From the Court

Brief court decision on civil wrongs by Safi Jimba

General Principle of Liability (III)

In my opinion, the defendant cannot claim to come within these dieta. There was no sudden rise in the wind or sudden rolling. The sea was rough… but before and after the accident, goods ere transshipped safely. It is not good for the defendant to say the state of the sea was that day such as to bring him within the dieta, for even if that were so, he by his agents willfully and deliberately of his own rashness encountered the danger.” Appeal dismissed.

Statutory Authority

Where there is a statutory authority the doing of a particular act, which would inevitably involve a nuisance, all remedy, whether by indictment or by action resulting from damage there from is taken away, provided that every reasonable precaution consistent with the exercise of the statutory powers has been taken to prevent the nuisance from occurring. The burden of proving that a nuisance was inevitable lies on the person having the statutory authority.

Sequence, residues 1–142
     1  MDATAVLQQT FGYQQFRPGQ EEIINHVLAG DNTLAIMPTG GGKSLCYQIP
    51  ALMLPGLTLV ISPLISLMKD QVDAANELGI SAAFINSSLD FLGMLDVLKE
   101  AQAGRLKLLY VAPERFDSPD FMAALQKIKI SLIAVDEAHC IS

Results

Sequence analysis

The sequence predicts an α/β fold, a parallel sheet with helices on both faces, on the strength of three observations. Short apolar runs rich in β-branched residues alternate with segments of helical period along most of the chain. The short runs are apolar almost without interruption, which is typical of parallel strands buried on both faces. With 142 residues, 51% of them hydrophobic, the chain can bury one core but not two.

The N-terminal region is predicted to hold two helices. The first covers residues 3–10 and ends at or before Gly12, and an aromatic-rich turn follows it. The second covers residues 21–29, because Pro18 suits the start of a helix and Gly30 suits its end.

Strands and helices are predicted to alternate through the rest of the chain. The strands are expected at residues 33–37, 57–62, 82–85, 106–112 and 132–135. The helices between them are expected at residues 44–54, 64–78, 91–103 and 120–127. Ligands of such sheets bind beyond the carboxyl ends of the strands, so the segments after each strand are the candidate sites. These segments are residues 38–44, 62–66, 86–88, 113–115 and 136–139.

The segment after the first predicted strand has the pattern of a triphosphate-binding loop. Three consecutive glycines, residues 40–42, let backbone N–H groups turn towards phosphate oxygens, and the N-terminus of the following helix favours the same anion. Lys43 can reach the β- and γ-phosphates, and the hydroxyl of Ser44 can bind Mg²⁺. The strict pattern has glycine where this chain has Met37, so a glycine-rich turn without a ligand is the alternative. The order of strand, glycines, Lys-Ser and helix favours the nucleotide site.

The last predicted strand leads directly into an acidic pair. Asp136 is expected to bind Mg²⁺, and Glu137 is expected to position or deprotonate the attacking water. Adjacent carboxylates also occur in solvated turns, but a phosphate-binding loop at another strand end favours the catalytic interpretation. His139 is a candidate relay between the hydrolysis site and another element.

1. A. A. Ajayi v. Electricity Corporation of Nigeria (1961) W.N.L.R 107 High Ct. – Adeyinka Morgan J.

The plaintiff claimed  (1) 12,000 pounds damages against the defendants for nuisance and/or trespass alleged to have been committed on his land as a result of the construction by the defendants of high voltage transmission lines over his building in such a way that they constituted a very grave danger to the plaintiff and the other occupiers of the building; and (2) an injunction to restrain the defendants and their  servants from continuing the alleged acts of nuisance and trespass.

According to the plaintiff, on November 6, 1958, he got a permit to erect a house in Itire, and building was commenced on that day. The ground floor was ready for occupation in January 1959, and the senior health superintendent issued a permit stating that the house had been inspected and that it was fit for human habitation. The following September, the plaintiff saw that electricity poles had been set up near his land, and in October he wrote the defendant’s District Engineer expressing concern at the possible danger of electric wires which would presumably pass through his house. He claimed that he received no reply to this letter, but he continued building. The defendants thereupon asked him to demolish part of the house, but the plaintiff refused and alleged that as a result of the energising of the lines, he had been compelled to move his family to other houses.  To be continued

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